(old school video review from Ahtanie, a Singapore Nerfer)

The Secret Shot I. The ammo holder on top also worked as a selector for whichever barrel you were using, and you had to flip it in place.

PUMP BLASTERS (non-slamming air blasters) – There used to be plenty of these, blasters you would pump, and then pull the trigger to fire, and I already mentioned a couple (see the beginning for the Lightning Blitz). Air pump blasters were slower because of the pumping action needed between salvos or shots, but they were super satisfying in some cases, too. Hearing the “pop” from an airtech blaster as you shot was nice (the 2000 was a popular one) and you almost felt like you got some real range stock. The Super Maxx 3000 was another good entry with this functionality, and for awhile was a primary of mine until wear and tear got the better of it. Nerf gave the fans what it wants in speed though, and possibly reliability (air bladders and seals were problems for these blasters as they got used) with the current spring/flywheel lines, and so the only real air blasters they use are those that “slam” function, like the Demolisher missile launcher, the Thunderblast, and one of the attachments on the upcoming Tri-Strike. Gone are the days of shooting 20 darts from a Wildfire, then scrambling to reload WHILE pumping the air back into the blaster. At least, from Nerf blasters.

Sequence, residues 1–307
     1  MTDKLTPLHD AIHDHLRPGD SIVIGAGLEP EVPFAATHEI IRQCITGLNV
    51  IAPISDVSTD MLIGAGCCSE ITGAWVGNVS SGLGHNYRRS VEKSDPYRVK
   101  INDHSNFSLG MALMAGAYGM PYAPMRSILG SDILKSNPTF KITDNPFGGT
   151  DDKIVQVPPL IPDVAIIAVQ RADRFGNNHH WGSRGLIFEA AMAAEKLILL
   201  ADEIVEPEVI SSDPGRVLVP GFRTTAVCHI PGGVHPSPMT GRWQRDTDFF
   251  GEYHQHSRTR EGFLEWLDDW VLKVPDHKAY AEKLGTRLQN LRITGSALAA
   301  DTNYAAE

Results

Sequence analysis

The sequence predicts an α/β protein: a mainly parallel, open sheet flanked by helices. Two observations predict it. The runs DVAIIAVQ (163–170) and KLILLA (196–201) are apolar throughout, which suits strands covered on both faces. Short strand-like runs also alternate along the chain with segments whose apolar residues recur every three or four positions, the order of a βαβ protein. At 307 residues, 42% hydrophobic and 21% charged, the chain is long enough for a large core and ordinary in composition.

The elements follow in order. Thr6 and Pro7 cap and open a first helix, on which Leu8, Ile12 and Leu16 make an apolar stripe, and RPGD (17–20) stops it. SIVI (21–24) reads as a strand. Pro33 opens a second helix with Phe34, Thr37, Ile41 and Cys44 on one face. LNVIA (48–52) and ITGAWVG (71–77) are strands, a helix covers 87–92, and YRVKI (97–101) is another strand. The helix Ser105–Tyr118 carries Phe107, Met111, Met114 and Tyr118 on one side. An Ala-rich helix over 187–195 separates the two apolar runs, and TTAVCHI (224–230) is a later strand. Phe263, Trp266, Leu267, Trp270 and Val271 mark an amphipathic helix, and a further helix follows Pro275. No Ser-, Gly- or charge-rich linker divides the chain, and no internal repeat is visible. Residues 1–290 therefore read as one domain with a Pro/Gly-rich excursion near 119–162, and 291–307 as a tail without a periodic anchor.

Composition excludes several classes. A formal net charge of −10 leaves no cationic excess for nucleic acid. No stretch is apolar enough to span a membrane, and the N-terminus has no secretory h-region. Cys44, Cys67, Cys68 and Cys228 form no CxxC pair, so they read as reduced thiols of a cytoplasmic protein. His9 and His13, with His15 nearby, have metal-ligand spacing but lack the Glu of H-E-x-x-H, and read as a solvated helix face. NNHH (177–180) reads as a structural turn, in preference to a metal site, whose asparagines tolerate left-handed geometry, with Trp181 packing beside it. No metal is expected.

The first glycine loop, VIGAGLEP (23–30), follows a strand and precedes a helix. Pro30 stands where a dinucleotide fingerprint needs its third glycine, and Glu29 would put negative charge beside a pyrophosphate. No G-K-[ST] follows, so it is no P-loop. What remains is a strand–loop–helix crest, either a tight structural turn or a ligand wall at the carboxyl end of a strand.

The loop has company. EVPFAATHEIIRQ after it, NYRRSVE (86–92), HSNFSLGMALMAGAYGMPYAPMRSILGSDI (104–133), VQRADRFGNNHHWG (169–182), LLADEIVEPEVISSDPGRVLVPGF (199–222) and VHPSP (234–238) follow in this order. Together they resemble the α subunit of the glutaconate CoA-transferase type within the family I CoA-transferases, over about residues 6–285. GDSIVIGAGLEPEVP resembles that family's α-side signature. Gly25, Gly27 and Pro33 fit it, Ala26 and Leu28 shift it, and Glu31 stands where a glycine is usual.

Buzz Bee still has their “Air Warriors” line full of new air pump blasters, including the “Destiny” as featured below. Previously, they also made blasters like the Range Master and even the popular Panther which utilize air pumps in their play pattern. Hope for air blasters like this are not gone, just elsewhere.

Questions? Comments? Do you want to see animal-shaped blasters again like the Manta? Comment below!


K’Nex K-Force Blasters Continue at New York Toy Fair (ICYMI)…

K’Nex K-Force continues into 2016! The construction set blasters introduce turrets and motorized blasting with the new crop of blasters coming out later this year.